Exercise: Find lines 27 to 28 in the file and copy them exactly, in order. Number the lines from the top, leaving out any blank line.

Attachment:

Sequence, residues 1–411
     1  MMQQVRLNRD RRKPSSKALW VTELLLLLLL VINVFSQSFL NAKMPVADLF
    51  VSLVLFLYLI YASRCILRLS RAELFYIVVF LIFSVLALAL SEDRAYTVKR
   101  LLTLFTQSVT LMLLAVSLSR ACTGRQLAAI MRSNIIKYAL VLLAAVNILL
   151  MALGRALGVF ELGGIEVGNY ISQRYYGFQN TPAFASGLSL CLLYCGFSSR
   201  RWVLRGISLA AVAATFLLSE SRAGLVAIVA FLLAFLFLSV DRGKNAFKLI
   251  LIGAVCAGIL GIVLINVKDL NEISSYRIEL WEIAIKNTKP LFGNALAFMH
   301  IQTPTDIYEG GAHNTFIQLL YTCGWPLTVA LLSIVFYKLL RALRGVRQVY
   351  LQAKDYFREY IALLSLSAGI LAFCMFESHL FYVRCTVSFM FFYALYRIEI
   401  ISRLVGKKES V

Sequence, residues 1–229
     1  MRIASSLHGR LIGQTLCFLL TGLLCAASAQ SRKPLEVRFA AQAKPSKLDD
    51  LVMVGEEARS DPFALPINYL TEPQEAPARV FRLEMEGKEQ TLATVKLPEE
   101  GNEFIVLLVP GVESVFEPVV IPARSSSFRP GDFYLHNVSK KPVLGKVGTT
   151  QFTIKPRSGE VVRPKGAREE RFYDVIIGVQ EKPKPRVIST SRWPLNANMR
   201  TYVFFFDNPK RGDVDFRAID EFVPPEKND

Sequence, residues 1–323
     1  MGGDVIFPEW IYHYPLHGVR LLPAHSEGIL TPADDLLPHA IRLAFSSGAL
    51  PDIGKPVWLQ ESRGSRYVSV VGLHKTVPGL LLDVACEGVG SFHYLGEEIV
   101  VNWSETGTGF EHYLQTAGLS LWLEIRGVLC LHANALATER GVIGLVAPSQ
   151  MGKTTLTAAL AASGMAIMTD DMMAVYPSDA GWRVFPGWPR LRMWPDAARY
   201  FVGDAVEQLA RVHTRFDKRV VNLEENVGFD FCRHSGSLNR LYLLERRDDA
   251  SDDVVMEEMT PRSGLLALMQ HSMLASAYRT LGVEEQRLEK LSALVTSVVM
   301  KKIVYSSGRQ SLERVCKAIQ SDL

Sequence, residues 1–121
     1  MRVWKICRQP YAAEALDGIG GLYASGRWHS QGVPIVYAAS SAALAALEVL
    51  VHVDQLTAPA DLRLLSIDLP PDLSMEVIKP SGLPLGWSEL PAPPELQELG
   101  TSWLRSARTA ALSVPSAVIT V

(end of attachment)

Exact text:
    51  VHVDQLTAPA DLRLLSIDLP PDLSMEVIKP SGLPLGWSEL PAPPELQELG
   101  TSWLRSARTA ALSVPSAVIT V